With the NRA meeting in Texas this week to rile up its members into not only believing Obama and "liberals" are coming to take away their guns, they are fundamentally challenging their "Second Amendment rights to keep and bear arms!" You know the drill, make baseless vitriolic statements about Obama wanting to take guns away from Americans and the base shouts, "Hell no, we need our guns to protect us and to overthrow our tyrannical government!" So when do the historians jump on board to demand the gun rights folks actually read the Second Amendment? When do historians demand the gun rights folks read Article II of the Constitution? So when do historians point out that our history is filled with incidents in which Americans have picked up their guns to fight governmental tyranny (and lost)? Where are the historians needed to remind the NRA and its 5 million members that the right to fight tyranny arose during the Revolutionary War, but since the ratification of the Constitution, no such right exists? When will Americans learn that the rhetoric pushed onto them through the ideologically oriented for-profit media is simply false? Think I am a bit "off" on my history? We all know about the Civil War and how that turned out. But do we know what the Constitution actually says and how it was applied during the first direct challenge by armed Americans during the Whiskey Rebellion? Let's take a look.
According to the Second Amendment to the United States Constitution, "A well regulated militia, being necessary to the security of a free state, the right of the people to keep and bear arms, shall not be infringed."
Sounds straight forward right? But, it obviously is not! Every American has a fundamental right to bear arms, but in the context of maintaining a "well regulated militia." So far so good, right? Yet this is exactly where the NRA and promoters of the Second Amendment jump from the train. A reading of Article II might help them understand the context of the Second Amendment, but they always forget the Constitution even has Articles!
Among other powers enumerated to the President, Article II, Section 2 also states; " The President shall be Commander in Chief of the Army and Navy of the United States, and of the Militia of the several States, when called into the actual Service of the United States; he may require the Opinion, in writing, of the principal Officer in each of the executive Departments, upon any Subject relating to the Duties of their respective Offices, and he shall have Power to grant Reprieves and Pardons for Offences against the United States, except in Cases of Impeachment." Ah that part! The president of the United States, acting in his capacity as Commander In Chief, is also the Commander of "the Militia of the several states, when called into the actual service of the United States...."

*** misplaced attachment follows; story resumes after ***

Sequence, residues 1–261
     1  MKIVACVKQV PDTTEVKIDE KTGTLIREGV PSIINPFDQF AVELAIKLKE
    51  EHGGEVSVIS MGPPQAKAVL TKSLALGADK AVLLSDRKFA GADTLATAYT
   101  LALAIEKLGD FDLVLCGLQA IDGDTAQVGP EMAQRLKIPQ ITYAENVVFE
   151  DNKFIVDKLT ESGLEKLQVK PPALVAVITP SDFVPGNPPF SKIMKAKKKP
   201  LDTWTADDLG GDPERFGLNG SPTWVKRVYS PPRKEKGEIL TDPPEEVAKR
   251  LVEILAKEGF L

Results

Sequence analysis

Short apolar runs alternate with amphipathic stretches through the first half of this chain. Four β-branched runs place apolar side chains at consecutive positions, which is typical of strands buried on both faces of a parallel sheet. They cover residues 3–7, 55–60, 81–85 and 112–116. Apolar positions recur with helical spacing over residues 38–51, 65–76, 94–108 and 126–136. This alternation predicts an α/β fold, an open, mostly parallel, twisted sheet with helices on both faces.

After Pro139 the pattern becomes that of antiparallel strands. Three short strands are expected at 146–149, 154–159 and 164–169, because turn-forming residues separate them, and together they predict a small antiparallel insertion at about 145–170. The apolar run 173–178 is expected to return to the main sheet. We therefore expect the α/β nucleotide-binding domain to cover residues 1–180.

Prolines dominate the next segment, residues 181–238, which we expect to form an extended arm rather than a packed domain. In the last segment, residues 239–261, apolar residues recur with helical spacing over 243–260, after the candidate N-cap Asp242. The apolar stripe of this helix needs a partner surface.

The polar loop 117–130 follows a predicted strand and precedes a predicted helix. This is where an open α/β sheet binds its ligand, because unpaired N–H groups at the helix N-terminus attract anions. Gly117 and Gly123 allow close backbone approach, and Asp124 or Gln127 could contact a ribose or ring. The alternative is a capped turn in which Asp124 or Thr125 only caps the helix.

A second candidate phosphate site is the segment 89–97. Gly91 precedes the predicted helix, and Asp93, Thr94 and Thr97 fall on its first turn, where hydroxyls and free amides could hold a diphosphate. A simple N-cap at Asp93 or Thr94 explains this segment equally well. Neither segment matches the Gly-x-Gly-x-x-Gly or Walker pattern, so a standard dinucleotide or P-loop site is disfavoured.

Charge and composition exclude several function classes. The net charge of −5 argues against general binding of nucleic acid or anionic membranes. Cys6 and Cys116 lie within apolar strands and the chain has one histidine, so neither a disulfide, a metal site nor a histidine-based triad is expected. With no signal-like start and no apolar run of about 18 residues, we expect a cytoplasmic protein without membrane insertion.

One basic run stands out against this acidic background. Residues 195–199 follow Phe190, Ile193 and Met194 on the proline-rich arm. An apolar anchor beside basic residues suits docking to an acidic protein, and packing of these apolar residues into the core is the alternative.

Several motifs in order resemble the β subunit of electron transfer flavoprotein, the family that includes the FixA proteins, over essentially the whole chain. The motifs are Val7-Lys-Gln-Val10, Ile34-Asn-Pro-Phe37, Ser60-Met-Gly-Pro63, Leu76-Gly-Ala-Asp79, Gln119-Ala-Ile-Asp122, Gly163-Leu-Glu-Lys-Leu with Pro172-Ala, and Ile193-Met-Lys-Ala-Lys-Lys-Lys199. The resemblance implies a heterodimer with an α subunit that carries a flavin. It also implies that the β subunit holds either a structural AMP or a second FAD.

A closer reading of this provision in relationship with the Second Amendment reveals that well regulated militia's may be formed by armed citizens when called into service of the United States and they shall all be commanded and led by the President! Pretty hard to organize a militia to overthrow the government when the head of that government is your military commander (in today's case, President Obama), right? So what gives? I know, you might believe I am massaging my interpretation to fit my view on the Second Amendment, but consider President Washington's handling of the Whiskey Rebellion, wherein Americans took up arms to fight the government over taxes imposed on Whiskey. Remember folks, the Constitution came into existence 11 years after the signing of the Declaration of Independence. They are not the same document (unlike what many folks erroneously believe).